To deal with the growing issue of Social Security disability fraud, the Social Security Administration (SSA) has announced four new teams who will be assigned to investigating potentially fraudulent claims. These teams are part of the Cooperative Disability Investigations (CDI) Units, and specialize in tracking down those who try to take advantage of Social Security benefits they are not entitled to. The goal of the CDI is to reduce fraudulent Social Security claims, which harm actual people with disabilities who struggle to get benefits for themselves. Continue reading “SSA Announces New Teams to Handle Disability Fraud”
If you are applying for Social Security Disability Insurance (SSDI) benefits, one of the major issues you will need to worry about is if you have enough work credits. If you do not have sufficient work credits, you may be disqualified from getting SSDI. But what are they, and how do you get enough of them to get SSDI benefits? Continue reading “Do You Have Enough Work Credits to Qualify for SSDI?”
Applying for Social Security Disability Insurance (SSDI) or Supplemental Security Income (SSI) can seem daunting, especially if you have only recently become disabled. However, it is not nearly as difficult as it initially seems, and you do not need to go through the process alone. Here are the five basic steps you need to take if you want to apply for disability benefits through the Social Security Administration (SSA): Continue reading “The Five Steps of Applying for Disability Benefits Through the SSA”
Social Security Disability Insurance (SSDI) and Supplemental Security Income (SSI) are the two primary forms of economic relief that the Social Security Administration (SSA) provides to Americans with disabilities. However, simply because you have a disability does not mean that applying for SSDI or SSI is appropriate for you. So how should you know if you should be applying for disability benefits from the SSA? Continue reading “When Should You Apply for Social Security Disability Benefits?”
When someone applies for disability benefits under Social Security Disability Insurance (SSDI) or Supplemental Security Income (SSI), they need to meet certain criteria to be approved. One of those criteria is the determination as to whether they are, in fact, disabled. When that happens, an applicant will need to pay a visit to their local Disability Determination Services (DDS) office. Continue reading “What is Disability Determination Services (DDS)?”
The Trump Administration has proposed a new rule that, if accepted, could subject recipients of Social Security Disability Insurance (SSDI) and Supplemental Security Income (SSI) to reviews of their disability status more frequently. The rule change is expected to result in millions more disability reviews, which will need to be carried out by the Disability Determination Services (DDS) offices in each state. Critics say the rule change is likely to be strenuous for disability recipients and may place additional strain on the Social Security Administration (SSA) and state DDS offices. Continue reading “White House Proposes New Category for Disability Reviews”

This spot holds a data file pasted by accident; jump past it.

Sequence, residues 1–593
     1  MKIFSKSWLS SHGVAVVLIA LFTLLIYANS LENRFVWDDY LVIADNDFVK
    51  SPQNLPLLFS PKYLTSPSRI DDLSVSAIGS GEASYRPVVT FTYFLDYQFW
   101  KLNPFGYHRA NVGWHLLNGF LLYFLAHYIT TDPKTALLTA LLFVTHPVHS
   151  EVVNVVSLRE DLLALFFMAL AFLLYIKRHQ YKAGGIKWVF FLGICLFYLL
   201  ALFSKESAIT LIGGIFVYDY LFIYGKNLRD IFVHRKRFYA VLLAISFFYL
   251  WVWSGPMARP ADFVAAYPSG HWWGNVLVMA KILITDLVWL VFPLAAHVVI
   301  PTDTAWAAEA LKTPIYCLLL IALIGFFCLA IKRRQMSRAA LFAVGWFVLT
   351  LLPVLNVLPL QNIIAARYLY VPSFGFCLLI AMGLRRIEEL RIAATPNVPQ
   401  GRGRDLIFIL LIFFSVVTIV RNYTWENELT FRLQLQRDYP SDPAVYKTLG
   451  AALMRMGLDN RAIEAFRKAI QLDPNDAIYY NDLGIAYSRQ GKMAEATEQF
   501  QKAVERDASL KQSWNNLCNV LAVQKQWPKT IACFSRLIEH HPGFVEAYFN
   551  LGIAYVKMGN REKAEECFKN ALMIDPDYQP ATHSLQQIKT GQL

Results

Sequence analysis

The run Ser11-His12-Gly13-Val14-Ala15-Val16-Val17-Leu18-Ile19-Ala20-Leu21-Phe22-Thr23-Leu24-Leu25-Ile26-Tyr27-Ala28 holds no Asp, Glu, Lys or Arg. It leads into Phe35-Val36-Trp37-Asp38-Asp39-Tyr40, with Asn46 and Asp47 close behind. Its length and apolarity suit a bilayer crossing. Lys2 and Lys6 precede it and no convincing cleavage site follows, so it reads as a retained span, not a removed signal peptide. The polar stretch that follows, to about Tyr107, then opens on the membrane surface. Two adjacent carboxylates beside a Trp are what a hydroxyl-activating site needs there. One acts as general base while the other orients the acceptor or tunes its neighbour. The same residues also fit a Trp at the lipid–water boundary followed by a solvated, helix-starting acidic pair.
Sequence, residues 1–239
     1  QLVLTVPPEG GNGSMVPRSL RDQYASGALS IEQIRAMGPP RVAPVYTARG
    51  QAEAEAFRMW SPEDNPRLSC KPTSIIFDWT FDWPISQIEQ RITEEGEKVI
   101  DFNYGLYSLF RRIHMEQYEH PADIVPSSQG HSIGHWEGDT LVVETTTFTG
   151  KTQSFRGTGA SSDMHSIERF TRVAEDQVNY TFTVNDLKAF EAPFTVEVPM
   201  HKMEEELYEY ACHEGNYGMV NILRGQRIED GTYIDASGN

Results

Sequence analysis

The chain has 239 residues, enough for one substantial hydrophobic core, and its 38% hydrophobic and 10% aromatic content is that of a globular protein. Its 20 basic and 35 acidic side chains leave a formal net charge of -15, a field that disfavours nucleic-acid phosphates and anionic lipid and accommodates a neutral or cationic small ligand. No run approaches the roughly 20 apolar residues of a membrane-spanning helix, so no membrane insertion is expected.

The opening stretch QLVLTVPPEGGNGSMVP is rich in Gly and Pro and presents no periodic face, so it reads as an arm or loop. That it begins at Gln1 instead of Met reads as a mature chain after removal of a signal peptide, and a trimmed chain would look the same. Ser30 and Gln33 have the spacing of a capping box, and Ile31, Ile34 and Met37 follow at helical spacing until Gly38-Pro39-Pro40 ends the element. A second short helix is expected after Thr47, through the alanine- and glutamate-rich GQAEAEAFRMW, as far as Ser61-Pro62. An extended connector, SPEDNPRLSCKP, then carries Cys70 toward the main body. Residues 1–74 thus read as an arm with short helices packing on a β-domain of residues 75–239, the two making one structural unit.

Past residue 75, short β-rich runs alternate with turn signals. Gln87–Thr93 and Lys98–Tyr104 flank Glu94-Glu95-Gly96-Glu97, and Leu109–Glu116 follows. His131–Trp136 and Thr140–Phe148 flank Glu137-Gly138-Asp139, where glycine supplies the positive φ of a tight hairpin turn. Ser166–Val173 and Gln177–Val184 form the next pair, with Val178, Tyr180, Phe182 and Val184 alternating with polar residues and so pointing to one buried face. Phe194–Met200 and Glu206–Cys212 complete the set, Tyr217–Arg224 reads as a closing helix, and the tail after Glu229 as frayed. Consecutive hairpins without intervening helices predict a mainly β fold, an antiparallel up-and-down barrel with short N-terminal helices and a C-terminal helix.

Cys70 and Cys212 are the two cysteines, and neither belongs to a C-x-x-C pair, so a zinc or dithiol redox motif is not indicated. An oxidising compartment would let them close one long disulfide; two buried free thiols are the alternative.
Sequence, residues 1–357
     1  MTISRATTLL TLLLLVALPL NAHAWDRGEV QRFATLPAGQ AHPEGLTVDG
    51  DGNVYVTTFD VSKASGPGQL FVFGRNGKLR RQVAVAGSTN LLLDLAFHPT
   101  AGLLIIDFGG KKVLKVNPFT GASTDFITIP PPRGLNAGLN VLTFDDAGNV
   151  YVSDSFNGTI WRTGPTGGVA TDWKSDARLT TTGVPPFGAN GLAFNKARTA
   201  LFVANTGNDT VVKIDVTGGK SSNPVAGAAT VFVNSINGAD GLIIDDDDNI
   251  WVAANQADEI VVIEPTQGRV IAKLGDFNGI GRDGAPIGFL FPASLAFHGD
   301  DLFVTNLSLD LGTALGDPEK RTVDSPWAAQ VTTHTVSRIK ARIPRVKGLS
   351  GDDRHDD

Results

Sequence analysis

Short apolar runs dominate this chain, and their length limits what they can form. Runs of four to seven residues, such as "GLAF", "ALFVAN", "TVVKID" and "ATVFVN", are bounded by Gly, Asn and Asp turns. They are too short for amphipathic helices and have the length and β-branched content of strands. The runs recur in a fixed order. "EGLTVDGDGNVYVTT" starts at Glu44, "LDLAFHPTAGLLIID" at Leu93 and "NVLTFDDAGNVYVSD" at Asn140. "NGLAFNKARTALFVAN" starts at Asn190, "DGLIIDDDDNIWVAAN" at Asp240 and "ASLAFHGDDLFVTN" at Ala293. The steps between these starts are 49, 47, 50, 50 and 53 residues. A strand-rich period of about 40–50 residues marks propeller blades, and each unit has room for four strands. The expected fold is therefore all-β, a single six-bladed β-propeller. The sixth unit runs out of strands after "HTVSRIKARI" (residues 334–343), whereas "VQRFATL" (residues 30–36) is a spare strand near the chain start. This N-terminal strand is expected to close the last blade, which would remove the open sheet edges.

Social Security Disability Insurance (SSDI) is a major source of support for millions of Americans suffering from severe disabilities. It allows recipients to have some income to cover necessities, even when they’re not able to work due to their disability. But is it possible for someone to lose their disability benefits, and if so, how? Continue reading “Is it Possible to Lose Social Security Disability Insurance (SSDI)?”
Social Security Disability Insurance (SSDI) has long been a resource for people who are unable to work due to a disability. However, the process for applying for SSDI can seem confusing for someone who has never dealt with it before, and especially someone who is already dealing with the consequences of a severe disability. Fortunately, the requirements are relatively easy to understand, once they’re broken down. Continue reading “SSDI: Who Can Apply For It?”
Social Security can often seem somewhat opaque to people, since it’s not entirely clear how they determine how much you get paid. This is doubly true for things like Social Security Disability Insurance (SSDI) or Supplemental Security Income (SSI), two programs intended to help those who can no longer work due to a mental or physical disability. One of the things that can have an impact on how much you receive is the Cost of Living Adjustment, or COLA for short. Continue reading “What is the COLA?”
A recent article in The Wall Street Journal reported that a record number of people with mental and physical disabilities joined the workforce while, at the same time, stopped receiving disability benefits.
According to the WSJ, 51,302 people went off disability so they can find “gainful” employment; that is the most since 2002. Meanwhile, 8.5 million people are still collecting disability in December 2018, down from 9 million the same month four years ago.
Continue reading “More Disabled People Opt to Collect Paychecks, Not Benefits”